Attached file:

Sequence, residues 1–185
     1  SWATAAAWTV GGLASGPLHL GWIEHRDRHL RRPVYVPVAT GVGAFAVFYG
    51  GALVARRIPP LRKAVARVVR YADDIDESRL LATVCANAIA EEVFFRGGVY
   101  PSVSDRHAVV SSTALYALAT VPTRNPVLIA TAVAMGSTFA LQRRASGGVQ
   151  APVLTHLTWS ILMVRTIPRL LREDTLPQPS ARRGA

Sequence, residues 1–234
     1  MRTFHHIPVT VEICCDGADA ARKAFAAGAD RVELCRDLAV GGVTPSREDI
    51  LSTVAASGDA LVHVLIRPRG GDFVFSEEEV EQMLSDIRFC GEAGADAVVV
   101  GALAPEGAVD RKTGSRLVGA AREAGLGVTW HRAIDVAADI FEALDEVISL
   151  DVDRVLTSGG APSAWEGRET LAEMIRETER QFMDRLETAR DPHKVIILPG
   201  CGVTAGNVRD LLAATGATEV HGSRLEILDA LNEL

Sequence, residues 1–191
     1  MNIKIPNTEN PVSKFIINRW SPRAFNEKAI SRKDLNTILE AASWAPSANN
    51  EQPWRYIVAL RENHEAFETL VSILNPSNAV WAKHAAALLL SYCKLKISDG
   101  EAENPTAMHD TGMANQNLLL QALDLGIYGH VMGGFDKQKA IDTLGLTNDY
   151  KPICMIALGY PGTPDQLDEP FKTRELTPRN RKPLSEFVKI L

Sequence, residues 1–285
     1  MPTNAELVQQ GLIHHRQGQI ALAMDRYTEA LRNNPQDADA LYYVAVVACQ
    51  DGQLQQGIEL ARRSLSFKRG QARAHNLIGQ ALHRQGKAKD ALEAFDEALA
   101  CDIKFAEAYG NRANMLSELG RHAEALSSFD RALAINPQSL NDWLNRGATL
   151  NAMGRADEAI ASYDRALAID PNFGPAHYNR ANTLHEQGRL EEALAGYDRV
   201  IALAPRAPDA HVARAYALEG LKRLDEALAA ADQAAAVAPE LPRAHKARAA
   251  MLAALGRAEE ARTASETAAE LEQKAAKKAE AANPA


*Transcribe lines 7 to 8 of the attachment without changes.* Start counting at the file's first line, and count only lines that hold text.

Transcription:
     1  MRTFHHIPVT VEICCDGADA ARKAFAAGAD RVELCRDLAV GGVTPSREDI
    51  LSTVAASGDA LVHVLIRPRG GDFVFSEEEV EQMLSDIRFC GEAGADAVVV